Mega Millions Results, Numbers for 7/18/20: Did Anyone Win the $101 Million?

No one claimed the estimated $101 million Mega Millions jackpot on Friday. But some people still won big.

The winning numbers from Friday night's draw were 12, 13, 21, 46, and 57. The Mega Ball number was 21. A potential winner could have claimed an estimated $101 million, or a cash option of $81.2 Million.

According to the Mega Millions website, there were two big winners in California and Washington who matched five numbers and won $1 million each. Those Match 5 winners guess the first five numbers correctly. However, neither played the Megaplier, which could have tripled their winnings, meaning they didn't get $3 million each.

Other big winners on Friday night included one person who guessed four numbers and the Mega Ball and played the Megaplier to get $30,000, and eight who won $10,000.

By guessing four numbers correctly, 281 people can claim $500, and 51 Megaplier winners in that round got $1,500.

Some 766 people won $200, and 170 Megaplier winners got $600. And by guessing three numbers, 19,141 people won $10, and 3,914 Megaplier winners got $30. A further 16,424 guess two numbers and the Mega Ball to get $10, and there were 3,415 Megaplier winners who got $30.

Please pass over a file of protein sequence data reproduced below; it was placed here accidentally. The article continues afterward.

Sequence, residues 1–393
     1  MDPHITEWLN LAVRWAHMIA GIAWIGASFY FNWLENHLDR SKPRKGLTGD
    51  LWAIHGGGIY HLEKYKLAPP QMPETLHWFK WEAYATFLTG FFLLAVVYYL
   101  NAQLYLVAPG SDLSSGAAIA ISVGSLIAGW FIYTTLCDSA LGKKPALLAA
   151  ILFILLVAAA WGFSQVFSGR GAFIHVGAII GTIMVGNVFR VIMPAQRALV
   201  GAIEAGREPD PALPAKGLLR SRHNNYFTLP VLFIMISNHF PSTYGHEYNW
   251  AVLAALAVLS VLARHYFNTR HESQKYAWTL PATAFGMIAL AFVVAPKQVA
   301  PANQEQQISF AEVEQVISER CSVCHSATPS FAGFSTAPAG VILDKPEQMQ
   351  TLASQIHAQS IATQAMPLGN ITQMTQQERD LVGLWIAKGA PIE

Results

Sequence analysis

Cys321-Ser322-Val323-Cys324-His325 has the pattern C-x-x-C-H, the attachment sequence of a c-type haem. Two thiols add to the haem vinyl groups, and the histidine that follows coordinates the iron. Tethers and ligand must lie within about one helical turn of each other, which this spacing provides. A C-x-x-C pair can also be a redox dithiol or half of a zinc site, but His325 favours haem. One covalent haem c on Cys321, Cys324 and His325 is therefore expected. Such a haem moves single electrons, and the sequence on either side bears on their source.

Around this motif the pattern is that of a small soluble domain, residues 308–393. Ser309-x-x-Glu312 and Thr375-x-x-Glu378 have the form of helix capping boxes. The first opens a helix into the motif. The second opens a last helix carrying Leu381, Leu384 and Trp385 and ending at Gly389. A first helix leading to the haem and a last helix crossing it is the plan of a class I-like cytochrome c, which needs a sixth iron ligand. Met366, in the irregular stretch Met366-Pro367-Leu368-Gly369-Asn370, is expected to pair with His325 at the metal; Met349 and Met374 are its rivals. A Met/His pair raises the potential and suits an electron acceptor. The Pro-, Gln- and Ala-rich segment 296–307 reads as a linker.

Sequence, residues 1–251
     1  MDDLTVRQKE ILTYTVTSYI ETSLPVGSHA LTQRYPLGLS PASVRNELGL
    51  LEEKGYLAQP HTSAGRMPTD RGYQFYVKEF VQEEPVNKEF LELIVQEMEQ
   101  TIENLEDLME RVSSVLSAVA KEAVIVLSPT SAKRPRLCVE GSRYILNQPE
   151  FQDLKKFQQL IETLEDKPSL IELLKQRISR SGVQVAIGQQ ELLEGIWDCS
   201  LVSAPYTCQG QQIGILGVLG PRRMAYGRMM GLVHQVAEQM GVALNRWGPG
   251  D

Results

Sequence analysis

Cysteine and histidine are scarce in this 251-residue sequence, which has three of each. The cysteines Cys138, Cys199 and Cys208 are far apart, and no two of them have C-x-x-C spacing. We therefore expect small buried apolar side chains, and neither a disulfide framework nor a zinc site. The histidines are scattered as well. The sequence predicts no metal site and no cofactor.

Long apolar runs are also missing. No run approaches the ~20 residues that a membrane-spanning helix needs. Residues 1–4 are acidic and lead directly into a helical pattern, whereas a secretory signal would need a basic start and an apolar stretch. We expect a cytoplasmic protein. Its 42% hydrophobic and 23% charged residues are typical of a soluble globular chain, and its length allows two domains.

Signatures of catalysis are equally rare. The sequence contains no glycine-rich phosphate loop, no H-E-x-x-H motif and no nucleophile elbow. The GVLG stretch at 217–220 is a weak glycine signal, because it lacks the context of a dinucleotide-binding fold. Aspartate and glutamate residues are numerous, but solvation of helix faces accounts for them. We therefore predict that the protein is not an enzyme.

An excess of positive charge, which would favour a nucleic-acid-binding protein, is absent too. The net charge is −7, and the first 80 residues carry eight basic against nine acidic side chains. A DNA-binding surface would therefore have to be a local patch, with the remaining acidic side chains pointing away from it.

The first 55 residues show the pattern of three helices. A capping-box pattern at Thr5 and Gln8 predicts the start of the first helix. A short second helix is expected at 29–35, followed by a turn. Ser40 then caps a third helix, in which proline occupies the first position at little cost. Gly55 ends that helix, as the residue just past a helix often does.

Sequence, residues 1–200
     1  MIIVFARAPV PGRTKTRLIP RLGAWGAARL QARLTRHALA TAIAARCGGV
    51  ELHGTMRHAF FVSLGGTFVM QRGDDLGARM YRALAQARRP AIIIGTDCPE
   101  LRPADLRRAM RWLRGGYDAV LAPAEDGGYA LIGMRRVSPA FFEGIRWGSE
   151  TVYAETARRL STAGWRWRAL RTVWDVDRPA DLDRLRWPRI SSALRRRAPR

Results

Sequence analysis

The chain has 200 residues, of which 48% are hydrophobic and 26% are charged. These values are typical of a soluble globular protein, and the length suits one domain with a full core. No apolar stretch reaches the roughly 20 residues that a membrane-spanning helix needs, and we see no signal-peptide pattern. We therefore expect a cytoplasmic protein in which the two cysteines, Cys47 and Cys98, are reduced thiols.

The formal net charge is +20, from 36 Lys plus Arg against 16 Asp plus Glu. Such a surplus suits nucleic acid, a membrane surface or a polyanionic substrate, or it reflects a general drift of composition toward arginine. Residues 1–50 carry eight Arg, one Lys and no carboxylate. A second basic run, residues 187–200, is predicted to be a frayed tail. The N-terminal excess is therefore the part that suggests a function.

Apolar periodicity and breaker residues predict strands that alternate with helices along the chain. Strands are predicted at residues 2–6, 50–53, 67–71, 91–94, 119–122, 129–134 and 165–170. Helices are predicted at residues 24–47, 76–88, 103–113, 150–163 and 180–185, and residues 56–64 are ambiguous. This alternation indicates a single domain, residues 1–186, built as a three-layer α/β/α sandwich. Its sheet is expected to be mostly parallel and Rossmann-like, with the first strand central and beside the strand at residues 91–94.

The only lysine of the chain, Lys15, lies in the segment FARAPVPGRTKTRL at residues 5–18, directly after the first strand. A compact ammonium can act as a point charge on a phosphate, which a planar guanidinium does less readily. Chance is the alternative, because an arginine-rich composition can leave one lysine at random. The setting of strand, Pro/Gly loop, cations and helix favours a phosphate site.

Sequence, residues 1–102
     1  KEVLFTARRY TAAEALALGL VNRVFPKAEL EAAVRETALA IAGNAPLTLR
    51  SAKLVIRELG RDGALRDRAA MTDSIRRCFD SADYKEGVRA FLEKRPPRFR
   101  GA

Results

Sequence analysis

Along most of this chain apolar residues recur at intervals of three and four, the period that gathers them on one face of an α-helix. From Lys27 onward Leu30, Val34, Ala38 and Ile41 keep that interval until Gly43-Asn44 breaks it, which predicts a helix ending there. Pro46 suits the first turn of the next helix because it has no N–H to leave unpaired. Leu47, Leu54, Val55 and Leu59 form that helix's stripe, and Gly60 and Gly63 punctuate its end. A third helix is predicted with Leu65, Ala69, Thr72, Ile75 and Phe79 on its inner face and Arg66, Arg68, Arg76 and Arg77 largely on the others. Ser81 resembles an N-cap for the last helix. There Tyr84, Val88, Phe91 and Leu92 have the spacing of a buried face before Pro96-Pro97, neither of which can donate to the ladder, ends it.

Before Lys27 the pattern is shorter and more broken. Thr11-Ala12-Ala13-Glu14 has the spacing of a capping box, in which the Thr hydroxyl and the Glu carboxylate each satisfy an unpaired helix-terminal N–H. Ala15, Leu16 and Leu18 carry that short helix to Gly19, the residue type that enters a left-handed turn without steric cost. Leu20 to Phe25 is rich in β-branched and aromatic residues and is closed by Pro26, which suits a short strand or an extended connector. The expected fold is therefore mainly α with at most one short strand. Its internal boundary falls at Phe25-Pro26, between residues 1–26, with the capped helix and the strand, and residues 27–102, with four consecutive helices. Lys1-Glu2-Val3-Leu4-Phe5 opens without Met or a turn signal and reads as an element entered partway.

A total 124,034 players guessed one number and the Mega Ball and can claim $4, while 25,580 Megaplier winners got $12.

The 290,916 players who guessed just the Mega Ball won $2, and the 58,071 Megaplier players got $6.

The Mega Millions numbers are drawn every Tuesday and Friday at 11 p.m. ET. Each time, five white balls from a set of balls numbered one to 70 are drawn, as well as one Mega Ball from a collection of balls numbered one to 25. The winner must match numbers on one row of their ticket to the balls drawn on the corresponding date. Players have nine chances to win. The odds of winning a Mega Millions prize is one in 24.

The Mega Millions lottery is played in 45 states, Washington, D.C., and the U.S. Virgin Islands.

For payment, money that is won can either come as an annuity, one immediate payment followed by 29 annual payments rising by five percent each payment, or cash, which is described online as a "one-time, lump-sum payment that is equal to all the cash in the jackpot prize pool."